Between May 2006 and July 2009, a total of 66 patients who gave consent had screening analysis of the amount and intensity of COX-2 expression of their RCC tumor specimens determined. The study was discontinued after a planned interim analysis at 17 patients did not achieve the predefined minimum ORR. Of the 66 patients whose tumors were screened for COX-2 expression, 37 patients (56%) exhibited ≥10% maximal COX-2 expression (3+). Table I shows the baseline characteristics of the 17 patients with maximal COX-2 expression who ultimately enrolled on trial. Other patients with maximal COX-2 expression were not treated on trial due to ineligibility or patient/physician preference for alternative treatment.
Table I

Patient characteristics (n = 17)


Patients (%)

Median age

64 years (range 43–77)




13 (76%)


4 (24%)

ECOG performance status



11 (65%)


6 (35%)

Prior nephrectomy

17 (100%)

Prior radiotherapy

3 (18%)

Prior systemic therapya

6 (35%)


3 (18%)


4 (24%)


2 (12%)


1 (6%)

Number of prior systemic regimens



11 (65%)


2 (12%)


3 (18%)


1 (6%)

Metastatic disease



12 (71%)

 Lymph nodes

7 (41%)


2 (12%)


3 (18%)


14 (82%)

aThe total number of patients treated with each agent totals >6 because patients received multiple therapies

The patient characteristics of this study cohort were typical of a phase II metastatic RCC population. The median age was 63 years and patients were predominantly male. Thirty-five percent of patients had prior non-cytokine therapy, consisting of sunitinib, sorafenib, axitinib, or bevacizumab. The majority of patients had not received prior systemic therapy. The majority of patients had metastatic disease to the lungs (71%) and lymph nodes (41%). Patient risk stratification category by MSKCC criteria was 18% favorable, 82% intermediate, and 0% high risk.

Treatment Administration

Patients received a median of 4 cycles of therapy (range 1–20 cycles), with 11 patients (65%) receiving at least 3 treatment cycles. Six patients (35%) required dose reductions of IFN-α. At the time of this analysis, all patients had discontinued therapy. Most patients discontinued therapy secondary to PD (65%), three patients (18%) discontinued for adverse events, one patient (6%) died while on trial (related to disease progression), one patient discontinued for unspecified reasons, and one patient withdrew consent shortly after initiation of therapy.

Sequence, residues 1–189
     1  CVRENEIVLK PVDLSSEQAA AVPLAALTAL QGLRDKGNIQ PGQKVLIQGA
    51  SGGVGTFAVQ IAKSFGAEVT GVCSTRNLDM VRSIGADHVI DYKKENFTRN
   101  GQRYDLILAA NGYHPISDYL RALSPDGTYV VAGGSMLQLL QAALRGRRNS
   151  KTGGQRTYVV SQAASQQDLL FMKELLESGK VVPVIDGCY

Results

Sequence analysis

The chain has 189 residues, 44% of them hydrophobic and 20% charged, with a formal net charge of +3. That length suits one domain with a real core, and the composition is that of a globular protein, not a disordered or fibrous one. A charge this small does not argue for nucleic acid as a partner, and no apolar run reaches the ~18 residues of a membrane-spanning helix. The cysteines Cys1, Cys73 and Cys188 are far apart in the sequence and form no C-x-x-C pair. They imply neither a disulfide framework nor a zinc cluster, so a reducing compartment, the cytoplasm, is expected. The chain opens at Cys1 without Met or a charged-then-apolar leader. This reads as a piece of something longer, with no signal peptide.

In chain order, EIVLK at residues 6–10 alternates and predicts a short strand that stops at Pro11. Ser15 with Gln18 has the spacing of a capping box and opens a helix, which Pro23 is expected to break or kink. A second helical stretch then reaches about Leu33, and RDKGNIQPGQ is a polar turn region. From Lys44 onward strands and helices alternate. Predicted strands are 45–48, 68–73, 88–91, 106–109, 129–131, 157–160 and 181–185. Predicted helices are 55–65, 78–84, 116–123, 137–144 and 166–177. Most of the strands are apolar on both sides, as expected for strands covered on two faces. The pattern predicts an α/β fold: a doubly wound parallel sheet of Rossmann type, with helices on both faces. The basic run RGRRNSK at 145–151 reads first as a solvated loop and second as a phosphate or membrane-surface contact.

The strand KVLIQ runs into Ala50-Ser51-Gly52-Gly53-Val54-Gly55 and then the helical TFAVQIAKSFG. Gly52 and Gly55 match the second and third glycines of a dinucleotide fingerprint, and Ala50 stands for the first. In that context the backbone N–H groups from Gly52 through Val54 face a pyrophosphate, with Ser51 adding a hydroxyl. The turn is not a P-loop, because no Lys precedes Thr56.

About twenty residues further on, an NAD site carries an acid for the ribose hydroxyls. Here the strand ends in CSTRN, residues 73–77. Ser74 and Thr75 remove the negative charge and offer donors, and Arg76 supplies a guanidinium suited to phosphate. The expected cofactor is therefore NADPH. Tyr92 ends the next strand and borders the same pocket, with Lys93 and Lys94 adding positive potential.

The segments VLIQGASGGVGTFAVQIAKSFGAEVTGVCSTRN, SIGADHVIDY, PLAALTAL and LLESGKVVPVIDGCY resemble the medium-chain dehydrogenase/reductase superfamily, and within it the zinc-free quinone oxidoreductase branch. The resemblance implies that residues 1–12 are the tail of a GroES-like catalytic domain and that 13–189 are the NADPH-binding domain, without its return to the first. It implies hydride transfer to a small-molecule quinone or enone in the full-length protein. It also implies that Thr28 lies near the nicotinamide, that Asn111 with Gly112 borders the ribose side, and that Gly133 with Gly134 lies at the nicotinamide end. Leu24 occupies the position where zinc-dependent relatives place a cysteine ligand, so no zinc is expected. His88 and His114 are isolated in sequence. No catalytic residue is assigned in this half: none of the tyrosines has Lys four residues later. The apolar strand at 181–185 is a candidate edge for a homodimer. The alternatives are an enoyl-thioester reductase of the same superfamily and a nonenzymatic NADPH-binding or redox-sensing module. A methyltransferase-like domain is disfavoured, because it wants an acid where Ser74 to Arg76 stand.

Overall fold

Clinical Outcome

Three patients achieved a RECIST defined objective partial response for an ORR of 18%. Five patients (29%) had the best response of SD which was maintained over a range of 2.6–12.9 months, while 41% of patients had a best response of progressive disease. Two patients (12%) discontinued the trial prior to first imaging evaluation. One patient withdrew consent and one patient discontinued for adverse events. Of the 15 patients who were evaluable after cycle 2 with imaging, a median 1.6% decrease in overall tumor burden (range 75% decrease to 33% increase) was demonstrated. Nine of 15 patients (60%) experienced some degree of reduction of tumor burden (median 11.6%, range 0.6–75%). The median TTP was 5.6 months. Median overall survival was 14.4 months.


Toxicity was consistent with prior clinical experience with single agent IFN-α. Fatigue (82%), nausea and vomiting (53%), anorexia (53%), diarrhea (41%), skin changes (41%), and depression (29%) were the most common reported side effects. Laboratory toxicities (all grades) included thrombocytopenia (59%), lymphopenia (53%), leukopenia (47%), anemia (41%), and neutropenia (35%). IFN-α dose reductions were required in 35% (6/17) of patients overall and 55% of the 11 patients on study for 3 or more cycles.